Hockey, snow sports and forestry are just a few of the areas students in the Vernon School District can study while also completing high school.
Add swimming to that list if a proposal by the Vernon Kokanee Swim Club is approved by the board.
At a recent presentation to trustees, club vice-president Jason Shortt explained the reasons why the Vernon Kokanee Swim Academy would be a good fit for the district.
“I have three daughters in the main club and another in the grassroots program and I’ve been very impressed with the swim club and the effect it has had on my kids; it’s been very positive for my family.”
Shortt said getting enough pool time for practice has been difficult, due to swim lessons scheduled after school and in the evenings.
“Some of the stumbling blocks right now are that we are confined to the ability of the club to grow, so the ability to have some training time during the school day would help,” said Shortt, adding that the swim club celebrates its 50th anniversary next year. “The swimming season matches up with the secondary school season so it’s a good fit from a school’s point of view.”
He added that club members swim from 5:30 a.m. until 7:30 a.m. and then again in the evening.
“There is a big benefit to having training during the day because they could have more time at night without training and more time to be a teenager.”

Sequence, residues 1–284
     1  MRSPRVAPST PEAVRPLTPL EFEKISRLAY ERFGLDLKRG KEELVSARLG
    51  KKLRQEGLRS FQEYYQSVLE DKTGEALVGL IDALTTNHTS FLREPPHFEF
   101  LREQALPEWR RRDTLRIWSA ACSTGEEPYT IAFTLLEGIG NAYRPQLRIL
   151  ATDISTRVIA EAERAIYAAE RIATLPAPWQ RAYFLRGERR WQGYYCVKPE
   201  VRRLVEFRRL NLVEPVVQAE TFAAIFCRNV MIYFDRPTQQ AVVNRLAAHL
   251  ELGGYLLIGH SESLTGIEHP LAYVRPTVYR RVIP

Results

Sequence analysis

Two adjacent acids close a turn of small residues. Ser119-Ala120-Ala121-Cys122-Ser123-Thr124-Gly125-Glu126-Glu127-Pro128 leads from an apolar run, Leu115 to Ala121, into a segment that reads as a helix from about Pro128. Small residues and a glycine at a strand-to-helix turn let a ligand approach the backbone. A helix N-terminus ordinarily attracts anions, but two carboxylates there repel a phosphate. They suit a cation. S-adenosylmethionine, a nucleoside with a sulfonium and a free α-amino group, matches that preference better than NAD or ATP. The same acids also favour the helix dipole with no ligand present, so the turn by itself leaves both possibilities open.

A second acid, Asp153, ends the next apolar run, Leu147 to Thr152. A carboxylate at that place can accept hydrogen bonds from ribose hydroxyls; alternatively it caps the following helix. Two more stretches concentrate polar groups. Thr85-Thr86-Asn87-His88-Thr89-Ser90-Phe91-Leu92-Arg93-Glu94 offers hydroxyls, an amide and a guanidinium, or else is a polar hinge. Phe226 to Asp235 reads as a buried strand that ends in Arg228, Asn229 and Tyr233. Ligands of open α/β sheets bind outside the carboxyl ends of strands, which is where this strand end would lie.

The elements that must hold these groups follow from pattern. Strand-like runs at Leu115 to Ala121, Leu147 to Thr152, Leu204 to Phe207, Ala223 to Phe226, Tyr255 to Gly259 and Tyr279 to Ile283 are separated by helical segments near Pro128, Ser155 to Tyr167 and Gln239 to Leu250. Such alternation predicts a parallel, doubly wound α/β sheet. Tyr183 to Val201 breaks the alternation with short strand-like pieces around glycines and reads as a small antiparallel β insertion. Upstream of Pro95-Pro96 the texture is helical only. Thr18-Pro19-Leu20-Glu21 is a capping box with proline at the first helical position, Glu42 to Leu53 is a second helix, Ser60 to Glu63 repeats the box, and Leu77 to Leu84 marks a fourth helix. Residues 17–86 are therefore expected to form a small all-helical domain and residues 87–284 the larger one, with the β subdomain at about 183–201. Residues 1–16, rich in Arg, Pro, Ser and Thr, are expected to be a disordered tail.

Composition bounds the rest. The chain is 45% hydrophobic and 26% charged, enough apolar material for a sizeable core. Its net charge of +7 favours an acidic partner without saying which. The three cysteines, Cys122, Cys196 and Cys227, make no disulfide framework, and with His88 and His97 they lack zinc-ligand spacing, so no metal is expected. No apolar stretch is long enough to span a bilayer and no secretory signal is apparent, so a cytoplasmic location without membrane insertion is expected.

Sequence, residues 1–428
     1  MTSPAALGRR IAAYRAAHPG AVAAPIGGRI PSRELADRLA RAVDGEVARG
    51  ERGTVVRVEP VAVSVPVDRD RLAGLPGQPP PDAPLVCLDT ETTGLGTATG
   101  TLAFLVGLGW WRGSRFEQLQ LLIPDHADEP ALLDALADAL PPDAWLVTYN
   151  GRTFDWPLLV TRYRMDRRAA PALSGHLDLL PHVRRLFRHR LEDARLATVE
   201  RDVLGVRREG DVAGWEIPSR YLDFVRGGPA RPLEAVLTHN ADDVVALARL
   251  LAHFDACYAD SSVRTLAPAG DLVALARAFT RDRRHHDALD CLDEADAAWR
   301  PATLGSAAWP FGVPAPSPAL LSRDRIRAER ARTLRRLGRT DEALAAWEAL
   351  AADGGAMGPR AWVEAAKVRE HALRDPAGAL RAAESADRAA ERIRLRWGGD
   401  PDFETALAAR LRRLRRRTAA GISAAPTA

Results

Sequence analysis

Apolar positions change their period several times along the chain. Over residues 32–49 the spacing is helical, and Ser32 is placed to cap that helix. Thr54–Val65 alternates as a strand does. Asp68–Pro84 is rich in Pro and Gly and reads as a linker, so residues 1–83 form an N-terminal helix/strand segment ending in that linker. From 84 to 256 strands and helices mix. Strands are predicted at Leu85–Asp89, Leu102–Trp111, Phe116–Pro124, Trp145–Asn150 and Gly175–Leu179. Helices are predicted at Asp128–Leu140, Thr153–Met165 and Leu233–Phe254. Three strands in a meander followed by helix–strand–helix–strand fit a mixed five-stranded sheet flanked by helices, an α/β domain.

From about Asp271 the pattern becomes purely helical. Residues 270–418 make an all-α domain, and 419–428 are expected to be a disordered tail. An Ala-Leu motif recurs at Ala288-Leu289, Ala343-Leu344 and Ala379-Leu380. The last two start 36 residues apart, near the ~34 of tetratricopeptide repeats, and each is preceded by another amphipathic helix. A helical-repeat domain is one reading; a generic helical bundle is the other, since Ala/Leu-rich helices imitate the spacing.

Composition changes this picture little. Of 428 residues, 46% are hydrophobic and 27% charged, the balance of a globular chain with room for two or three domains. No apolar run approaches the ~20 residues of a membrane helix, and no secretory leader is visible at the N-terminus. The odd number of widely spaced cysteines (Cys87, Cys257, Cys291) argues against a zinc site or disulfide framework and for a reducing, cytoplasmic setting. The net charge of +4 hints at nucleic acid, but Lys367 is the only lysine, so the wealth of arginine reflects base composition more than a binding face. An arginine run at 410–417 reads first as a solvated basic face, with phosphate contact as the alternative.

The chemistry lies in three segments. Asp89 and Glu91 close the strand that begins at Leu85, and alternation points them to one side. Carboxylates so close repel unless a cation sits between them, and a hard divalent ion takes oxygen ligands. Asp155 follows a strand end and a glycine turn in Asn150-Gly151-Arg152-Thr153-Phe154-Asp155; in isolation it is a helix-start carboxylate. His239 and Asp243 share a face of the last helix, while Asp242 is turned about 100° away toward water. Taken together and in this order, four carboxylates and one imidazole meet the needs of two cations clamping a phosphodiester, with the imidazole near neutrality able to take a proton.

Shortt said if approval is given for a swim academy, the club would manage the scheduling and organizing and that there will likely not be any added costs for the cash-strapped school district.
A personalized learning plan would be developed for each athlete, based on their sport and academic goals. Students would be credited for a minimum of two high school courses during their participation in the academy, and will also have options for additional training credits, such as lifeguard certification or Bronze Cross certification.
A single block all year will be the minimum required commitment from participants. The swim academy has been designed around a year-round schedule that fits the challenges of the rotating weekly schedule with the restrictions of the pool’s accessibility. In-pool training will take place once a week, with the other days set aside for academics, yoga and dryland training.
To prepare for the presentation to trustees, Shortt and other club board members met with head coaches, program coordinators, rec centre staff and parents. As well, they consulted with representatives from existing sports academies.
“The swimming group has made an innovative proposal and this is a nice balance for these families who are involved in these highly active programs. I think it’s a great idea,” said district superintendent Joe Rogers. “Hopefully we’ll have people asking for a dance academy –the more the better.”